Although Volumnia may be exaggerating, trying to manipulate him by inducing guilt, I argue that these words may also be read as an implied challenge to the very developmental theory she had earlier constructed with her “breasts of Hecuba” speech. She now opens the possibility that, when he was a child, she had also wanted him to control himself at times, certainly at least enough to protect those close to him—including her— from his aggression. But something—I argue that it was his constitutional nature—frustrated any attempt by her, or anyone else, to discipline him, and he failed to develop adequate controls. Later on, this developmental failure has its most dramatic statement when the citizens of Rome reject him and he plans to slaughter everyone he cares about, including his own family.

    Accordingly, Volumnia's early relationship with Coriolanus might have been far more difficult and complicated than she now admits. It is true, she wanted him to be a warrior, but she also wanted a warrior who could contain his aggression when the situation demanded it. He, however, was unable to integrate any sustained self-discipline into his personality. Thus, Coriolanus was able to identify with only some of his mother's wishes and attitudes; with others he obviously could not. This difference between what Coriolanus took into his personality from his mother and what he did not can be accounted for by his constitutional temperament which explains why he developed his rigid, narrow, hectoring personality without any of his mother's capacity for self-restraint.

    When Volumnia responds to her son's insistence that he “play the man” he is, she further underscores just how far he deviates from what she wants for him:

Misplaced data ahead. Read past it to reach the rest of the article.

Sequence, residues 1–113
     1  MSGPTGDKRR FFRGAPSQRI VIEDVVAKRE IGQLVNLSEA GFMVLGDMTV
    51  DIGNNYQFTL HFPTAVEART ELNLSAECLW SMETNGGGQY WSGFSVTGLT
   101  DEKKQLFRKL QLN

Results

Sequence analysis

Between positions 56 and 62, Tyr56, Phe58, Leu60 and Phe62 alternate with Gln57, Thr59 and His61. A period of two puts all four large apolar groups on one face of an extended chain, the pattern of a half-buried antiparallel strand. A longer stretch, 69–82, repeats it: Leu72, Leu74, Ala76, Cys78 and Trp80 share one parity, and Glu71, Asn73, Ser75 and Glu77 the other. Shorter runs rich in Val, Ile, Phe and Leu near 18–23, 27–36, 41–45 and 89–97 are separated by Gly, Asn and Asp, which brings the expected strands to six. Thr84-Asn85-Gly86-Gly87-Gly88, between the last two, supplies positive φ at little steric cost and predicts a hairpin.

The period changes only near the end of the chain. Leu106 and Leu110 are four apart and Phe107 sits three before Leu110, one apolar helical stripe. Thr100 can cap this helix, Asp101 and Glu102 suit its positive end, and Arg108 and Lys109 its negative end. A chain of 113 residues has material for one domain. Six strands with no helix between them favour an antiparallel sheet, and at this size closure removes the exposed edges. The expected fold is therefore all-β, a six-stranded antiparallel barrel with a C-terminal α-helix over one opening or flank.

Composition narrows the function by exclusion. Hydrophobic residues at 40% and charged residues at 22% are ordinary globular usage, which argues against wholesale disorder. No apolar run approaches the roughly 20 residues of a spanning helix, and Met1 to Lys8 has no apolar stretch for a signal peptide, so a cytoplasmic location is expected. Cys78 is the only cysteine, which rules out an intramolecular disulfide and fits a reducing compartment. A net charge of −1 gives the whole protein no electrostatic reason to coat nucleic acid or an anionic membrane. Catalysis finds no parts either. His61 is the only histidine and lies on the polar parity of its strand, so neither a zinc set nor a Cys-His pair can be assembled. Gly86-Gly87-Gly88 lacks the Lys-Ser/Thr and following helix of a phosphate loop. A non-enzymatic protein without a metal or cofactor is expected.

You might have been enough the man you are With striving to be less so. Lesser had been The thwarting of your dispositions if You had not showed them how you were disposed, Ere they lacked power to cross you (3.2.23-27).

    Volumnia points out that he might have prevailed if he had been less mule-headed; he should have concealed his true feelings and then asserted himself when the tribunes were less powerful. Such deception would be easy for Volumnia, for she “would dissimulate with my nature where / My fortunes and my friends at stake requir'd / I should do so in honor” (3.2.77-79). Volumnia combines Machiavellian deceit with Juno-like arrogance. Although little this offensive woman says about herself is calculated to make us love her, she does clearly reveal her appreciation of and capacity for self-restraint. And this she urges on her son.

    But her words are wasted on him. For Coriolanus, to be “less so” is to be less indeed, and he remains unmoved. After much futile begging and cajoling, Volumnia then follows her own advice and appears to give up; perhaps she even dissimulates to have her way with him. But in doing so, she provides us with a another glimpse of how he frustrates—and probably had always frustrated—her efforts to teach him self-control:

                                        At thy choice then. To beg of thee, it is my more dishonor Than thou of them. Come all to ruin. Let Thy mother rather feel thy pride than fear Thy dangerous stoutness; for I mock at death With as big heart as thou. Do as thou list. Thy valiantness was mine, thou suckedst it from me; But owe thy pride thyself (3.2.149-153).